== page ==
S.J. van Breda was born on the 2nd of November 1991 in Durban, South Africa. She graduated Vancouver Film School with specializations in Directing, Post-Production and Cinematography. Before arriving at VFS, she studied Mechanical Engineering at the University of Cape Town and worked in the aerospace research industry for two years.
She is currently in post-production for an experimental short entitled ‘Bound’, which she wrote, directed and produced. Her debut short film, Sentience, is currently on the festival circuit and is a semi-finalist at Los Angeles CineFest 2017. Sentience also won the Golden Ibex at KIFF 2017.
She is currently developing a short film and documentary which delves into the true story of transgender soccer coach Kaig Lightner and a feature length version of Sentience.
GREY is about difference. Though the script has a very strong, literal connection to the issues of racism and gender equality, the message behind GREY can apply to any situation where there are opposing worlds and ideas. As a short film of under 4 minutes, GREY will hope to show that our differences are merely social constructs, and we are more alike than we think.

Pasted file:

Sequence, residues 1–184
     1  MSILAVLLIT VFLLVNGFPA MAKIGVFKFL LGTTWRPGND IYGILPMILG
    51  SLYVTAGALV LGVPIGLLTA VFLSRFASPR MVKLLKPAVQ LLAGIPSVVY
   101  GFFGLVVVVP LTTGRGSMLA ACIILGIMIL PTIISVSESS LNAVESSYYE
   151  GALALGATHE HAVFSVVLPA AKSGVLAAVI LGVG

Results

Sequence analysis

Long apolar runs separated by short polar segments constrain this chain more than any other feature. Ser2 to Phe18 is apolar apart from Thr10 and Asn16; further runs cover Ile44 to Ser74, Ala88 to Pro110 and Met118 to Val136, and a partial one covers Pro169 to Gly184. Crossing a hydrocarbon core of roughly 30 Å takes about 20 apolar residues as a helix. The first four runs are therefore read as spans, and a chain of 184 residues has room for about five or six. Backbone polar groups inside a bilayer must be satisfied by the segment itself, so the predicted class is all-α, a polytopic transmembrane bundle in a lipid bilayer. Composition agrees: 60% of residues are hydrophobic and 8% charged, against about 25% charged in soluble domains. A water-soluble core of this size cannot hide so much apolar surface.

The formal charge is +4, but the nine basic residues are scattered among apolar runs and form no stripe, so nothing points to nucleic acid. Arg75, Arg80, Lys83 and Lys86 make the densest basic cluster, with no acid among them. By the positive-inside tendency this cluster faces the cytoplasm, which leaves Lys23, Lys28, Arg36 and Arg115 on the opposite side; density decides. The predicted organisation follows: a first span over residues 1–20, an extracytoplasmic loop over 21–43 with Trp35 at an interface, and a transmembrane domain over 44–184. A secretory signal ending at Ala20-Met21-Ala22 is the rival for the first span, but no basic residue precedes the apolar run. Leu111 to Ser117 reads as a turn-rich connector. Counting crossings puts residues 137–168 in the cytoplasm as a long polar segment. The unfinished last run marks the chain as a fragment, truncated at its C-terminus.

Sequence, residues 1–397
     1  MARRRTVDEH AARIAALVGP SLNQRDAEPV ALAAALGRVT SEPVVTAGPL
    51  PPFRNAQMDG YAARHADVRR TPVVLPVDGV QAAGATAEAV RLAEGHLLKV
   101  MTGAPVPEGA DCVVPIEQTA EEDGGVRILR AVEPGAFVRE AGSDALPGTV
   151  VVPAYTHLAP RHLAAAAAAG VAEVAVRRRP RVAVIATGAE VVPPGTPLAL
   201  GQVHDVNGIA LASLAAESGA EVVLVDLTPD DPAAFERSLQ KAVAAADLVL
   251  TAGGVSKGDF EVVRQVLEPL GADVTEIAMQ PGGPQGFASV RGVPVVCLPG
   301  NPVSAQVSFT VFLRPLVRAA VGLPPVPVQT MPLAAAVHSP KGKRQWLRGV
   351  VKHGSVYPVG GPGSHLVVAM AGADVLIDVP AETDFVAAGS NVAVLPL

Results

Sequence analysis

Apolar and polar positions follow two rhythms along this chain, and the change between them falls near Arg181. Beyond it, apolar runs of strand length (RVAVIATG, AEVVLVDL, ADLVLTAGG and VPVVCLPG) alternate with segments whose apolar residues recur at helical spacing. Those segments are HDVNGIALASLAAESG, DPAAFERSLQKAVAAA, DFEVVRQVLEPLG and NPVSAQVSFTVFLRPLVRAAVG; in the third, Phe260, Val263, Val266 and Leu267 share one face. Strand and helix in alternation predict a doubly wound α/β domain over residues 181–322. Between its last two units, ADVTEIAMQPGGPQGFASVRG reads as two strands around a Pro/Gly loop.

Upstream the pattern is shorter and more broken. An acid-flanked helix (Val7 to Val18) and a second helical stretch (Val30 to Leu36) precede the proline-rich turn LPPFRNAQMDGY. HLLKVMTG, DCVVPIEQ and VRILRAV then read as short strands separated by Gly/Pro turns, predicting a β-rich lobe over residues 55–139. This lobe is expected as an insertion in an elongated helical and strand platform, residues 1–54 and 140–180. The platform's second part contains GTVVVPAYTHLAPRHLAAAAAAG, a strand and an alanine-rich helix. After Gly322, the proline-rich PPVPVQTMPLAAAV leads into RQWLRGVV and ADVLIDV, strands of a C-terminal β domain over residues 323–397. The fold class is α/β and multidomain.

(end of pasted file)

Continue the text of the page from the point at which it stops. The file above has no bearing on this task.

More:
There are many motifs in GREY, but the most important is the use of liquid. The liquid symbolises a transformation and a realisation. Both the WOMAN and the MAN have experiences with liquid of the opposite colour to their world. This liquid allows them to ‘see’ the other world for what it is and they both attempt to change their own world after this revelation. The use of eyes is also an important motif. This motif supports the message that the concept of difference is artificial and all that is needed for acceptance and tolerance is to change how one views the world. In both worlds, the changing of the eyes is brought about by the liquid.
Duality is a major motif in GREY. The use of black and white, and male and female shows that the concept of ‘otherness’ is a purely aesthetic value. In the grey void, the MAN and WOMAN have been stripped of their artifice and stand before one another as what they truly are. Here, the duality is blurred and contrasts against the definite divide that has been set up through production design and editing.
S.J.’s main goal in film is to affect an audience in such a way that they are different people when they exit the cinema, hardly recognizable from who they were before. She hopes to stay in Canada and continue to write and direct.